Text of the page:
Women and Islam

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Women in Islam

Religious institution has a profound impact on any and every society. Social norms, mores, and expectations are mostly defined by our belief systems, even if we ourselves don’t practice a religion. Government too is always based on common agreement upon what is right and wrong, and who is to rule. A society can experience violent opposition and revolutions because of radical religious groups. There’s no doubt about it. In any society, small or large, primitive or modern, religious institution plays a leading role. Islam is no exception. This paper will explore three critical aspects of Islamic society. The first is Democracy. Just how incompatible is an Islamic society with democracy? Secondly, how are women treated by Islamic society? Are they treated as equal to men, and why? Lastly, is Islam conducive to human rights? Is this reflected by Islamic governments? All of these questions and more will be considered in the following.

It’s definitely not the first time it’s been asked. Can Democracy really function in an Islamic society? Some say yes, some say no. But the answer doesn’t seem to be quite so black and white. The Muslim countries in the world today are all different, and all have or have had different relationships with democracy. In order to better understand the answer to this question, we must look at some of the factors that influence the relationship between Islam and Democracy. According to Daniel E. Price, there are seven major categories of influences on the relationship between Islam and Democracy. These are historical influences, regime strength, regime strategy for dealing with political Islam, Islamic political groups, modernization/economics/demographics, politicized sectarian, ethnic, linguistic, or class cleavages, and minority religious groups.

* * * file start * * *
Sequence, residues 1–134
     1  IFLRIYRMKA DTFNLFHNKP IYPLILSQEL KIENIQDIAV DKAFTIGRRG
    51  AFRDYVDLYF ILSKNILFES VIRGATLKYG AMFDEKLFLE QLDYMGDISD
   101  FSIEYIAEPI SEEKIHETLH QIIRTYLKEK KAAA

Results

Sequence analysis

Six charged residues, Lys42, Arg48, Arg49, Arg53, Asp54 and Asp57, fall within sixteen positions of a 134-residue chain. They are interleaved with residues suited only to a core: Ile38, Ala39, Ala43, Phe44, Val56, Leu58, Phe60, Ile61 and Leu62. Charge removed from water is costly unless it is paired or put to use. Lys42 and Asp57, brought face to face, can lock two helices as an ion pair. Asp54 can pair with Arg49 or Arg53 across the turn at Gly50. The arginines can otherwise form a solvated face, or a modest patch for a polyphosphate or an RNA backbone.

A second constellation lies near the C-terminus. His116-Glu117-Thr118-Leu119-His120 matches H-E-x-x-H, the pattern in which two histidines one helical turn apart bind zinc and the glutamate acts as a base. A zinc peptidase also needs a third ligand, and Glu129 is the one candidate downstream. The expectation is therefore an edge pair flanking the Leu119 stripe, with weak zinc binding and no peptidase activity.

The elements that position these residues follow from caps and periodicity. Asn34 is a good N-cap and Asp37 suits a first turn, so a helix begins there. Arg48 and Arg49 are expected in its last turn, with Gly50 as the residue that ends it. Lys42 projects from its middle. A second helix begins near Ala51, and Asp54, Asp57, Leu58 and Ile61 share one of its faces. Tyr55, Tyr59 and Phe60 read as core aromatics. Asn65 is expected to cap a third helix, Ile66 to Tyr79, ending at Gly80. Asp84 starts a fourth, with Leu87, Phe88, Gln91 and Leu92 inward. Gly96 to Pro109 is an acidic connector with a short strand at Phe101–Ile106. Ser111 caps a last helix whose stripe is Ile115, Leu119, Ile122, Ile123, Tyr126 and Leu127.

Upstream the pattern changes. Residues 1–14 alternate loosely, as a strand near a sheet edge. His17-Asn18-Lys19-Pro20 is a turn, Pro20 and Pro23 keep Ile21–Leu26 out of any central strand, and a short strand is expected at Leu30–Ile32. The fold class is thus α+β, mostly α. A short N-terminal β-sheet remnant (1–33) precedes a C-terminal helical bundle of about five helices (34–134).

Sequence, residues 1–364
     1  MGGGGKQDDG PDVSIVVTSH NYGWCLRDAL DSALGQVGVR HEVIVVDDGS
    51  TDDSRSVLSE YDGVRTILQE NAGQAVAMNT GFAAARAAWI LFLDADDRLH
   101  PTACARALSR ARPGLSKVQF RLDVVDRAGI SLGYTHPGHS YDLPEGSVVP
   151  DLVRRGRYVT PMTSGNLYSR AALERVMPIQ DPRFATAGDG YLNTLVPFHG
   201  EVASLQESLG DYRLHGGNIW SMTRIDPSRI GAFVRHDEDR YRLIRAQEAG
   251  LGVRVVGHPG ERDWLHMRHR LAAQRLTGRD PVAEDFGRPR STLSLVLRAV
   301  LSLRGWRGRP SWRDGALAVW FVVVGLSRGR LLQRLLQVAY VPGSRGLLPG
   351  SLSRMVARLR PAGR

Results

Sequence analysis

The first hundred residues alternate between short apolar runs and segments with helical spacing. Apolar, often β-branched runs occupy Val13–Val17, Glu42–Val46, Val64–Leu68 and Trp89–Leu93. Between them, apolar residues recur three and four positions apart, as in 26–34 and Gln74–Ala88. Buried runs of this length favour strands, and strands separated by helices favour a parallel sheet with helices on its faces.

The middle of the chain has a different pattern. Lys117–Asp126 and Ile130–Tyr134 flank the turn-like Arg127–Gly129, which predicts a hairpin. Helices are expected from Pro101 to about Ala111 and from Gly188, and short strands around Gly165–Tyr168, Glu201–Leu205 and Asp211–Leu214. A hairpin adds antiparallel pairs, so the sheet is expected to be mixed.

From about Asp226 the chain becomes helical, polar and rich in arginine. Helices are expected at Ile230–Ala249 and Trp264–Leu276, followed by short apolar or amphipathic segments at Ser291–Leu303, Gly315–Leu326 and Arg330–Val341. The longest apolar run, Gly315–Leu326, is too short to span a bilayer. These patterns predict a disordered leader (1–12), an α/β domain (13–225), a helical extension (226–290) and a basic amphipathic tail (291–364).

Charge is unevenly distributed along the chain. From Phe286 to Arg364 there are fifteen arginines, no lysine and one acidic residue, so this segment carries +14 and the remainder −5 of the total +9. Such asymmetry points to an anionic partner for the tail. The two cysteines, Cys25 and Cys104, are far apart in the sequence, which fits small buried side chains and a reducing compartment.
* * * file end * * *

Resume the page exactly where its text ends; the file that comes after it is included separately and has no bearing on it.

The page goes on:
In history, there have been several notable aspects of society that have influence on Muslim countries. Colonialism has obviously induced a sort of backfiring from Radical Islam, and it is for this reason that most Muslim Countries that have had a history of Colonialism have a stronger presence of Radical Islam. These countries include Algeria, Syria, and Egypt. There is a stronger lingering hostility toward ideas attributed to the West (liberalism and democracy) and Westernized classes because of their association with the former colonial overlords. (Price, ...

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...rn ideology. There is nothing in the Qur’an or Sharia that actually directly confirms that these three aspects of Islamic society are exactly as we in the West perceive. The problem is that the way that Muslims interpret their scriptures is contrary and even offensive to the West and its common ideologies. Lastly, the criticism and influence from the West toward Islamic culture, in addition to historical colonialization, only intensifies their rejection of the West and its criticism, and actually seems to make the problems concerning Democracy, women, and human rights even worse.


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